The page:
At the first Seder my husband and I hosted in 1999, we eagerly incorporated two feminist rituals we had seen in the Ma’yan Passover Haggadah. We placed a Miriam’s Cup (a wedding gift from several years beforehand) on our Seder table and an orange on our Seder plate. Our mothers cheered.
In the following 10 years, we gained two children, lost two parents and wrote our own Haggadah. Looking back, I realize that one of these rituals, Miriam’s Cup, endured, whereas we no longer use the orange. Several other friends, educated Jewish feminists, had the same experience.
Miriam’s Cup is now mainstream. It appears in Haggadot endorsed by the Reform and Reconstructionist movements, it is recommended by the Women’s League for Conservative Judaism and it is embraced by Orthodox feminists. It is sold at many Judaica stores. In contrast, none of my daughter’s day school teachers had heard of the orange. They all knew of Miriam’s Cup, and the kids even made them in kindergarten. I began to wonder why one new feminist ritual would persist so powerfully and spread so quickly, while the other faded.
The ritual of placing an orange on the Seder plate is actually two distinct rituals — one intended by its creators and the more widespread practice that was transformed through the folk process.
The scholar Susannah Heschel has described how, in the early 1980s, she heard that students at Oberlin College had suggested a crust of bread be placed on the Seder plate to symbolize that lesbians had been as excluded from Judaism like bread was from a Seder plate. Not wanting people to think that lesbians were as forbidden as hametz on Passover, she replaced the bread with an orange. The orange, she has said, symbolized the fruitfulness of fully inclusive Judaism.
Somehow, through the broke telephone of the folk process (and probably partly as a result of homophobia), the story that spread was very different. In it, a man is said to have told Heschel, “Women belong on the bimah” — or as rabbis, or reading Torah, depending on the variation — “as much as an orange belongs on the Seder plate.” In response, the story goes, she placed an orange on her Seder plate. The latter version is what we heard in the 1990s that prompted us to adopt the ritual.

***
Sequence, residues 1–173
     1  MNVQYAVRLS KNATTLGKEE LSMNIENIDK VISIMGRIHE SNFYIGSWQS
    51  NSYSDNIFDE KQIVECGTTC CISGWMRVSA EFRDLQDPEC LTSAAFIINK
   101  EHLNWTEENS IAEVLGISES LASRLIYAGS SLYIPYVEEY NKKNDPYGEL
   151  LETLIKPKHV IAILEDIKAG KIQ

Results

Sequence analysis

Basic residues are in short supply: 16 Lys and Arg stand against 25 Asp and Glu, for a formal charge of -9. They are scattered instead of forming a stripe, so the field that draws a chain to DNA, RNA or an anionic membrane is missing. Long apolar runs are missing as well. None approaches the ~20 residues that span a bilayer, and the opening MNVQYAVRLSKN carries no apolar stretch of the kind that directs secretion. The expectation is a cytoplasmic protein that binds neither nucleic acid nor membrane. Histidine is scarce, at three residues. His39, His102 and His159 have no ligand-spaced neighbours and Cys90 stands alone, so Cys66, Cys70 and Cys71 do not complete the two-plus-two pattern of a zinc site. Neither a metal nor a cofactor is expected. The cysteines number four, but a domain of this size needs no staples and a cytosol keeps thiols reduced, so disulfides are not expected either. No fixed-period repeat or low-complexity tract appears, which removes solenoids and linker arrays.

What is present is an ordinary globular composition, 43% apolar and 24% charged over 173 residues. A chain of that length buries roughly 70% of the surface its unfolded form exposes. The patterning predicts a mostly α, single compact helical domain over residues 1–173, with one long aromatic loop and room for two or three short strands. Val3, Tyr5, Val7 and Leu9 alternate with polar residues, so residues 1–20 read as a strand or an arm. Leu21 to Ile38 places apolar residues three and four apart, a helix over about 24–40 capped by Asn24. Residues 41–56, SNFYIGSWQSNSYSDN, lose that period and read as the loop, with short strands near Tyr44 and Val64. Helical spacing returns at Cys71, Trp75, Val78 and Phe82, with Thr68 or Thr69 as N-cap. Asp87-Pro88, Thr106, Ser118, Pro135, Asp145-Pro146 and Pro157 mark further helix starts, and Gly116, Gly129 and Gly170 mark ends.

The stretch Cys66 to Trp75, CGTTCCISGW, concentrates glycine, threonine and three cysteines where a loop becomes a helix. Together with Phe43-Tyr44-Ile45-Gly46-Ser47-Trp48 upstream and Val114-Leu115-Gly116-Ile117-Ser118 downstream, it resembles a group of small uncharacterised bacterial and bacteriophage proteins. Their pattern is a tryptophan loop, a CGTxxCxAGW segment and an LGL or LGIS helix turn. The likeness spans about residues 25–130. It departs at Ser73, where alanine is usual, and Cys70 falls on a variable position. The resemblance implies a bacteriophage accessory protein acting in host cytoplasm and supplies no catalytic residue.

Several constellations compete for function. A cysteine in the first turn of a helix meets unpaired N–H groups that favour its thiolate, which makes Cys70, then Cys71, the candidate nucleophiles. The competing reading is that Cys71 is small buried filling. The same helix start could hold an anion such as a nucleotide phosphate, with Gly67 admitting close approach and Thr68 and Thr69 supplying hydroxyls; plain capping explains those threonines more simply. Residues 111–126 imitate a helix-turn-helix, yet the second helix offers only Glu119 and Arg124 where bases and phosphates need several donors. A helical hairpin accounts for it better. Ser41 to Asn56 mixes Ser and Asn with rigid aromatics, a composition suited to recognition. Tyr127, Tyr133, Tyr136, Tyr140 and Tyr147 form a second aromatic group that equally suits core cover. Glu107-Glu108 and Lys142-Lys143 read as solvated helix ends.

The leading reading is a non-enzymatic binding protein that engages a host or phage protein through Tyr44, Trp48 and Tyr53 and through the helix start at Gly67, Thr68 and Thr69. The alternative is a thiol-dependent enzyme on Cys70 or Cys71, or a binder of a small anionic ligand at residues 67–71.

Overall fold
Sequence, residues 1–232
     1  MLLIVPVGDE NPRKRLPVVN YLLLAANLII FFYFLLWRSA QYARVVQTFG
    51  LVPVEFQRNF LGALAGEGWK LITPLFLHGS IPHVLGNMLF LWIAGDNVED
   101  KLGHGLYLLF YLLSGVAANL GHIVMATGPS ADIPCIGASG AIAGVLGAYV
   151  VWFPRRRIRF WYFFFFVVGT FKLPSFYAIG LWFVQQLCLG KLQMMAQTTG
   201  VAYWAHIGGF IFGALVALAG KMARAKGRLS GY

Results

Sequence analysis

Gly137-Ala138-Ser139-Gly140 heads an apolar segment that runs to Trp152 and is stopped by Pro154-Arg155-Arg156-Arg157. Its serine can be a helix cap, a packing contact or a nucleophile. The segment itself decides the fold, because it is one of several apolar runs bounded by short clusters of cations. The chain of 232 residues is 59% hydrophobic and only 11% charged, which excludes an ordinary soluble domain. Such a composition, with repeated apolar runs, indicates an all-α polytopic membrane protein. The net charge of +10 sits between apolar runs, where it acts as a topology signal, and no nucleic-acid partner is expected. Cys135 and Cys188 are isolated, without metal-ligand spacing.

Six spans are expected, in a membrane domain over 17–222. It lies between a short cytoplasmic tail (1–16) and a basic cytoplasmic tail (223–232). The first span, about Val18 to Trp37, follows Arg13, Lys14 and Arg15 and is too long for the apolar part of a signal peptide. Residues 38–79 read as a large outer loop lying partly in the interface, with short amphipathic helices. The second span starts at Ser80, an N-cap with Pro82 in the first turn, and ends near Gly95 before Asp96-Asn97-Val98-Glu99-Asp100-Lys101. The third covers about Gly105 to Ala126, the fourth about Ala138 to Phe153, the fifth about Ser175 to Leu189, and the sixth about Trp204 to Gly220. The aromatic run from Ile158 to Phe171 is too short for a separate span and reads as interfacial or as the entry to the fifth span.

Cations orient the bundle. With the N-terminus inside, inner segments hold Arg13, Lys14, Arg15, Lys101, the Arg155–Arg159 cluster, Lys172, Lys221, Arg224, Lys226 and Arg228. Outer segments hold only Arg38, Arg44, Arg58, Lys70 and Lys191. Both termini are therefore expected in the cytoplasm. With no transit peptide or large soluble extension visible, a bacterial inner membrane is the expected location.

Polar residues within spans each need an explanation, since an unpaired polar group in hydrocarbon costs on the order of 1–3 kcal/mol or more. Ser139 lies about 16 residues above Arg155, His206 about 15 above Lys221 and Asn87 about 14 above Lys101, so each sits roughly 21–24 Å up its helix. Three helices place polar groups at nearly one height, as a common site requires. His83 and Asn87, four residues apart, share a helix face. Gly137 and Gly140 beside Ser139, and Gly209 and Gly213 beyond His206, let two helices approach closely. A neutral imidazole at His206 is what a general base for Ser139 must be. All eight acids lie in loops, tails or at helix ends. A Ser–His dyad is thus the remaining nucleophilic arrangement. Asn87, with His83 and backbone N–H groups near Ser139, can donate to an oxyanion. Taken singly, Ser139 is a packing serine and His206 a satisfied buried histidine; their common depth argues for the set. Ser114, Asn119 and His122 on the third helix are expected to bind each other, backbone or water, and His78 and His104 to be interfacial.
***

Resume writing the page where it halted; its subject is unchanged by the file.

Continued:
The ritual of Miriam’s Cup at the Seder emerged slightly later. As described in the Ma’yan Haggadah, in 1989 women in a Rosh Hodesh group were looking at traditional texts to create new rituals. They discussed the midrash of Miriam’s Well. Miriam’s Well was first described by Rashi in the 11th century to explain the juxtaposition of Miriam’s death and the shortage of water, expanding upon a brief mention of the well in the Talmud. Miriam’s Well appeared in the desert whenever the Israelites lacked water, saving them.
Stephanie Loo Ritari took this powerful image a step further. Inspired by her Kiddush cup, she created a Miriam’s Cup filled with spring water to commemorate the well’s life-giving waters. The group of women quickly latched on to the ritual, using it at Shabbat, Rosh Hodesh and in particular at the Passover Seder, where it quickly spread.
Reflecting on our experiences with these rituals over the years, there are several reasons why we embraced Miriam’s Cup and dropped our use of the orange. The most obvious reason is the deep textual connection Miriam, Moses’ sister, has to the Passover story.
Though Miriam is not in the traditional Haggadah (which actually only mentions Moses once), she has several parts in the biblical Exodus story. She watches Moses in the basket, arranges for their mother to be his wet nurse, and famously leads the women in song and dance in celebration of the Exodus. The orange, by design, has no connection to the Passover story (except through the theme of oppression). Emphasizing Miriam inspired my family to add all these biblical texts to our Haggadah, as well as those about other females heroes, like the midwives who refused to kill the Israelite boys.
While the orange highlights the pain of exclusion, it is not successful in transforming this righteous indignation into empowerment and inclusion. Nor does it acknowledge the great strides that have been made in these areas.
My daughter is lucky enough to grow up in a feminist and gay-positive shul and day school. The idea that gays and lesbians don’t belong in Judaism or that women don’t belong on the bimah sounds ridiculous to her and doesn’t resonate with her personal experience. Thanks to those who struggled for equality before her, she doesn’t viscerally feel the pain of exclusion that the orange symbolizes. But she will be emboldened by growing up with Miriam as a canonized Passover hero.
Aurora Mendelsohn is a biostatistician who lives in Toronto.